4. Defendant's final enumeration of error concerns the jury charge with regard to circumstantial evidence: "Now when circumstantial evidence is relied upon to establish the fact, the evidence must be such as to reasonably establish the theory relied upon to preponderate that theory, rather than any other reasonable hypothesis." This court has long held that "[i]t is inept for the trial judge on the trial of a criminal case to charge on the preponderance of evidence..." Ponder v. State, 18 Ga. App. 703 (3) ( 90 S.E. 365). There is an apparent difference of opinion however as to whether the charge is harmless error when it is followed by a charge that the jury would not be authorized to convict on circumstantial evidence alone unless the proven facts excluded every other reasonable hypothesis or conclusion except that of the guilt of the accused and the trial judge otherwise makes it clear that the jury must find beyond a reasonable doubt that the defendant was guilty. This court has found such a charge to be reversible error. Wells v. State, 126 Ga. App. 130 (1) ( 190 S.E.2d 106). The Supreme Court has found it to be harmless. Pless v. State, 231 Ga. 228 (1) ( 200 S.E.2d 897); Woods v. State, 233 Ga. 495 ( 212 S.E.2d 322). This conflict need not be resolved here for the trial judge in the case sub judice failed to follow his erroneous charge on circumstantial evidence with the mitigating language found in the cases cited supra. We are therefore of the opinion that under Wells, Pless and Woods the charge would be reversible error as it tends to mislead the jury into convicting the defendant on the basis of a preponderance of the evidence.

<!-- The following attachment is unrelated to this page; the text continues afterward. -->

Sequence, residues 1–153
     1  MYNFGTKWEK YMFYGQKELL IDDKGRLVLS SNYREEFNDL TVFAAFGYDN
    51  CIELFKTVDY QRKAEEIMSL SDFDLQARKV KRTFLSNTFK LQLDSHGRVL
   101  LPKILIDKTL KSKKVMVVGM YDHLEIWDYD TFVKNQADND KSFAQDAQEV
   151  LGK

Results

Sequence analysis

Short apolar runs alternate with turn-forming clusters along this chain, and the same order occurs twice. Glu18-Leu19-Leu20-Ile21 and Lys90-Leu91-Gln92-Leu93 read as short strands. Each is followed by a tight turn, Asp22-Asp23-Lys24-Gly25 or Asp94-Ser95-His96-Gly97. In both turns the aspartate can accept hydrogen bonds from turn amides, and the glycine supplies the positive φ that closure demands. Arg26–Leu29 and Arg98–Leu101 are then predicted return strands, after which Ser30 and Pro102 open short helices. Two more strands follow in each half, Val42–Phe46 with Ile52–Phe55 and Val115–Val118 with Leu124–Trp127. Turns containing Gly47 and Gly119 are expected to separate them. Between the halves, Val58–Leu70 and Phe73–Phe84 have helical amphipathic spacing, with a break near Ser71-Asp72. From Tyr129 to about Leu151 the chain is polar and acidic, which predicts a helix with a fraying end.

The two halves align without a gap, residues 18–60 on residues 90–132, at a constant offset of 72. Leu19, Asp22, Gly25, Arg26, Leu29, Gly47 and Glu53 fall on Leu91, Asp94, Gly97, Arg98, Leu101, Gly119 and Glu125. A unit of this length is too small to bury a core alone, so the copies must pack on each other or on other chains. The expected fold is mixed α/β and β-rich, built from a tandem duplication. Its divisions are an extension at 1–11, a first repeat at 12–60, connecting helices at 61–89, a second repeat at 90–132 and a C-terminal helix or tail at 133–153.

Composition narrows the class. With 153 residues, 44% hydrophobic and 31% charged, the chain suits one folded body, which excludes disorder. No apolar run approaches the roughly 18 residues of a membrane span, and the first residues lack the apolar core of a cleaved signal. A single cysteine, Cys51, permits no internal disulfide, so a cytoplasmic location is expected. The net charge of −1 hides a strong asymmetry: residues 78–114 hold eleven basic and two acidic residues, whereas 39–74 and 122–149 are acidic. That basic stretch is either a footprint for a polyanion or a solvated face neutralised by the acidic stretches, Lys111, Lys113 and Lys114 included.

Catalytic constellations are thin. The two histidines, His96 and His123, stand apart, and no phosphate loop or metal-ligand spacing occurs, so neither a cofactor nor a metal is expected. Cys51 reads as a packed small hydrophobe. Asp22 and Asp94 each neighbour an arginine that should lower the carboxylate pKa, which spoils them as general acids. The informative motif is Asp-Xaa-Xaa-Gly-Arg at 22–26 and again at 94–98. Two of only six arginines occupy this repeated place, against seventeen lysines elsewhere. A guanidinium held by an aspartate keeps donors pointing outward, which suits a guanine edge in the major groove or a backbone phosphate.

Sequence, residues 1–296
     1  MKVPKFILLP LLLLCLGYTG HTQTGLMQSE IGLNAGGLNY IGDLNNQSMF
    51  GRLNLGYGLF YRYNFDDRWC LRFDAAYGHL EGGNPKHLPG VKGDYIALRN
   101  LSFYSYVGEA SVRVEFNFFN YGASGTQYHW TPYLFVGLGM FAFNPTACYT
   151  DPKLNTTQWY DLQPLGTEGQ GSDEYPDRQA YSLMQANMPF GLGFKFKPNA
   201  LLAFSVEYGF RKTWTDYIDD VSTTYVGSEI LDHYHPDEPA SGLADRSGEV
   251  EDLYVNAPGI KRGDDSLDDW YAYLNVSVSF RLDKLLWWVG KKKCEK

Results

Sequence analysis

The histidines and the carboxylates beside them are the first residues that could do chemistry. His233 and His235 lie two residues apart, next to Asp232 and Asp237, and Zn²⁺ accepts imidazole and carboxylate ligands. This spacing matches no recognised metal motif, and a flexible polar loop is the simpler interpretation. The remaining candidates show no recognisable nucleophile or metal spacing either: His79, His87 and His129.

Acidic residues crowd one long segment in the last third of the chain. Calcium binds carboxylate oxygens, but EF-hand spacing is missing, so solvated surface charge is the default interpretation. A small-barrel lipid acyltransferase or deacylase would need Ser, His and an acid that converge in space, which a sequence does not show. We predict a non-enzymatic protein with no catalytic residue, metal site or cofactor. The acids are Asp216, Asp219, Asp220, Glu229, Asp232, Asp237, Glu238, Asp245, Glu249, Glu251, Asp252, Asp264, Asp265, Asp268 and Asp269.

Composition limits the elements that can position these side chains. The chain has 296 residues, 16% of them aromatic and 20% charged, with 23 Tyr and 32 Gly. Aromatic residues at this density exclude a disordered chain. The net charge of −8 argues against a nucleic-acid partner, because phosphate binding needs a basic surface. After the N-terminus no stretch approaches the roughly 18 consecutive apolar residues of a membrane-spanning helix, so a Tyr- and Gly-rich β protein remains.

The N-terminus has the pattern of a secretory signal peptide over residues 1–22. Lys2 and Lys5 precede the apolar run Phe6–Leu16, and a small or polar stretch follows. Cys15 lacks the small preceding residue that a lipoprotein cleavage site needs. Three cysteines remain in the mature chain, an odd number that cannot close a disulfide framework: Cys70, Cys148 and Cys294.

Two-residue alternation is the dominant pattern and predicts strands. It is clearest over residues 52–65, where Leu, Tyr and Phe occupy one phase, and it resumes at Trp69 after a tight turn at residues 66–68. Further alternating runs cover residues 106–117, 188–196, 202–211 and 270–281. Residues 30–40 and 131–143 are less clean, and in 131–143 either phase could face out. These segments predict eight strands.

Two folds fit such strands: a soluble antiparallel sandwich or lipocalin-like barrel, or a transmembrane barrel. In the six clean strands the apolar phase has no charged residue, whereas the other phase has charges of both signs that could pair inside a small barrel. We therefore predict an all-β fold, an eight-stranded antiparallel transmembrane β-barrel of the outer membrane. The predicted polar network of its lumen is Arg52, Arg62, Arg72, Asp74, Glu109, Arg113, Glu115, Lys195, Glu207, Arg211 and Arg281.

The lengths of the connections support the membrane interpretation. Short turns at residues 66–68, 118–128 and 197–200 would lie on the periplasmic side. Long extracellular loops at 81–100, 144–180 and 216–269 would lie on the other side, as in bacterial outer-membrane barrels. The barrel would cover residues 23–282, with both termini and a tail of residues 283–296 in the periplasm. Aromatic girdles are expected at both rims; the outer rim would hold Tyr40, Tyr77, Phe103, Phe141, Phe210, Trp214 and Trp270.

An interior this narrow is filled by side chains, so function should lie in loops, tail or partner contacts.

5. For the reasons stated in Divisions 1 and 4, a new trial is required.

Judgment reversed. Bell, C. J., Pannell, P. J., Quillian, Webb and Marshall, JJ., concur. Deen, P. J., concurs in Divisions 2, 3, and 4, and in the judgment of reversal, but dissents from Division 1. Clark and Stolz, JJ., concur but would also reverse as to Division 3.


I fully concur in Divisions 2, 3 and 4 of the majority opinion; I do not agree, however, that taking the plea of a co-defendant in the presence of the jury panel from which the jury was selected was reversible error. It is true that Gray v. State, 13 Ga. App. 374 ( 79 S.E. 223) holds that guilty pleas of jointly indicted defendants may not be admitted into evidence and that Code Ann. § 38-414 limits the admissibility of the confession of a joint offender or conspirator to use only against the confessor himself. Here however the guilty plea was not admitted into evidence and the confessed co-defendant was later called and testified for the state. The jury learned nothing more by overhearing the plea than it later heard when the confessor took the stand as a witness. While I agree that it was error for the trial judge to hear a guilty plea in the presence of the entire jury panel, I believe that it was rendered harmless when the confessor later became a witness for the prosecution. Gray v. State, 13 Ga. App. 374, supra. I therefore concur in Divisions 2, 3 and 4 of the majority and with the judgment of reversal but must dissent as to the finding of reversible error in Division 1.

Summaries of

Hayes v. State

Court of Appeals of Georgia
Nov 25, 1975
222 S.E.2d 193 (Ga. Ct. App. 1975)
Case details for

Hayes v. State

Case Details

Full title:HAYES v. THE STATE

Court:Court of Appeals of Georgia

Date published: Nov 25, 1975


222 S.E.2d 193 (Ga. Ct. App. 1975)
222 S.E.2d 193

Citing Cases

Wilson v. State

Indeed, the State is precluded from presenting evidence of, or otherwise disclosing to the jury, the guilty…

Williamson v. State

After the panel of twelve was selected, defendant objected and sought to have a mistrial declared. The case…